Delivery of care in perinatal mental health: A systematic review and meta-analysis of psychological interventions for perinatal anxiety and a qualitative exploration of healthcare professionals’ experiences of working with women experiencing perinatal mental health difficulties
Clinkscales, Natalie Rachel Diane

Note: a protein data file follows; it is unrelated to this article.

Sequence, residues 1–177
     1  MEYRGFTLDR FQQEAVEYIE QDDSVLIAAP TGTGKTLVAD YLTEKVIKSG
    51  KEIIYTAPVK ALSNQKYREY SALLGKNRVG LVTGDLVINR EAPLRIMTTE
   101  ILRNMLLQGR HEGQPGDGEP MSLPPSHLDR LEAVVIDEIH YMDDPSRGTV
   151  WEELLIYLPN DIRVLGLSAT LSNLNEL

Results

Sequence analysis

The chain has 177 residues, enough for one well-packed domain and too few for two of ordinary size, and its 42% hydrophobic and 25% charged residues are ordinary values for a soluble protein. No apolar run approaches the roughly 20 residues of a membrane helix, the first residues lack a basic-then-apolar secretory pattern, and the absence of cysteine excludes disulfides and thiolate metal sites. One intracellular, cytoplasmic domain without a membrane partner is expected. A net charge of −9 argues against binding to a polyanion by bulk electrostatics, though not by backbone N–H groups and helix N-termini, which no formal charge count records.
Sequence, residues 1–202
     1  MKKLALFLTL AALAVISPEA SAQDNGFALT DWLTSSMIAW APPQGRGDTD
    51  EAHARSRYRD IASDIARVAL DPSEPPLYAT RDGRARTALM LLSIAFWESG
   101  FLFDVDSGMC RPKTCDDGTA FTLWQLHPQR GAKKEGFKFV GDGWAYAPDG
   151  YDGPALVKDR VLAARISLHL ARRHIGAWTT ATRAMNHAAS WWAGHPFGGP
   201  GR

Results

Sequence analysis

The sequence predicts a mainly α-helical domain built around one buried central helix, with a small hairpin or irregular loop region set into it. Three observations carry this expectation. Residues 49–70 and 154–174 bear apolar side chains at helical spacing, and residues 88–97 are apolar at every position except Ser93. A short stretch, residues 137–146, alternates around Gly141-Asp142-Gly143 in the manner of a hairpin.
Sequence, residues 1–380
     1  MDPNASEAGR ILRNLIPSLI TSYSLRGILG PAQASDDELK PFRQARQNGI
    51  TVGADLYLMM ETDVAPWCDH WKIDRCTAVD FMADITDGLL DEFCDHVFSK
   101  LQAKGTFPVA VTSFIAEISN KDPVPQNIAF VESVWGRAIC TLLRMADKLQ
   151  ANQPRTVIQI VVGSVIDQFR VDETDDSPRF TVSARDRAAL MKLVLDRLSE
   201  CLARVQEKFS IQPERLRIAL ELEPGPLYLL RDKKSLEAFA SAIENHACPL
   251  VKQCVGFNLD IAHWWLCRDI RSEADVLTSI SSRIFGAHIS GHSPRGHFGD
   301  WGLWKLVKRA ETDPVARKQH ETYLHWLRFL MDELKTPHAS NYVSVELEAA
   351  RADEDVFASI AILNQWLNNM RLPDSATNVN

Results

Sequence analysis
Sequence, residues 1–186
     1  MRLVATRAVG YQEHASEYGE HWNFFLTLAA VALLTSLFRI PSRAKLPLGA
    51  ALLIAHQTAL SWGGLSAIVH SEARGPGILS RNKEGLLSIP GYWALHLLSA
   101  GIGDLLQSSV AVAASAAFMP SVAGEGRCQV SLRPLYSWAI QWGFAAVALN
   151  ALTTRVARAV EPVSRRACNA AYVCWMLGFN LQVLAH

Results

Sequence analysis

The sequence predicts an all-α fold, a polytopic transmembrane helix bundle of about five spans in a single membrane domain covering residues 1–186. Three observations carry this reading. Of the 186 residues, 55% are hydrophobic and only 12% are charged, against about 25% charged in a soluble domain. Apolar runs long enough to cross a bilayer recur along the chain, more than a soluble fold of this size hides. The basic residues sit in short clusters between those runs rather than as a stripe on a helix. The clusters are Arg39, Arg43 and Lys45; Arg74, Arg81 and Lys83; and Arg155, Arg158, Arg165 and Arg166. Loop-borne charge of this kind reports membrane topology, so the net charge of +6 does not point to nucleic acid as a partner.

Background: Perinatal mental health (PMH) is a significant global public health concern. Up to 20% of women will experience mental health difficulties during the perinatal period (conception to one-year post childbirth; Jones et al., 2014). Perinatal mental health difficulties (PMHDs) can have a significant and detrimental impact on women, their infants and families (Silverwood et al., 2019). Improving service provision and care pathways for PMH is regarded as a public health priority for both the UK and Scottish Governments. This thesis aims to extend the current evidence base by providing a systematic review and meta-analysis of the psychological treatments for perinatal anxiety and by qualitatively exploring the personal experiences of healthcare professionals working with women experiencing PMHDs in non-specialist settings. Method: The review involved conducting a systematic search of relevant online databases to identify appropriate articles which were then selected by utilising pre-set inclusion and exclusion criteria. This process led to the identification of 16 articles, 12 of which were included in the meta-analysis. The methodological quality and risk of bias of each included study were independently evaluated by two reviewers using the revised Cochrane risk-of-bias tool for randomised trials. The qualitative empirical study involved conducting in-depth, semi-structured interviews with 13 community-based healthcare professionals. These interviews were digitally recorded and transcribed verbatim. The transcripts were analysed using Interpretative Phenomenological Analysis (IPA). Results: The meta-analysis found that psychological interventions were more effective than control conditions in reducing symptoms of perinatal anxiety, with a medium post treatment effect size. The results also indicated support for the use of group-based and self-guided interventions, and both face to face and online delivery methods. In addition, small but significant effect sizes were found for both Cognitive Behavioural Therapy (CBT) and Mindfulness Based Interventions (MBIs) in the treatment of perinatal anxiety. In the qualitative study, a number of superordinate and subordinate themes emerged from the analysis of the interview transcripts. The five superordinate themes were: navigating a complex system, two lives to care for, “working at the coalface”, “it’s okay to talk about it” and needs led interventions. Conclusions: From the results of the review, it is suggested that psychological interventions should be made more readily available for women experiencing anxiety during pregnancy and in the postnatal period. Both CBT and MBIs demonstrated effectiveness, as did group-based, self-guided, online and face to face interventions, suggesting that therapeutic modality, type of intervention and mode of delivery could be tailored to meet the individual and perinatal-specific needs of each woman. The results of the empirical study suggest that the delivery of care to women experiencing PMHDs is common across a number of professions and services. Whilst this is a common occurrence, participants indicated that the difficulties women experience are often complex and multifaceted, and practitioners often feel that they have not received sufficient training to confidently address concerns and deliver care. In addition, the findings suggested that there were a number of service and organisational barriers that impacted on their ability to deliver an optimal integrated and multi-disciplinary approach.
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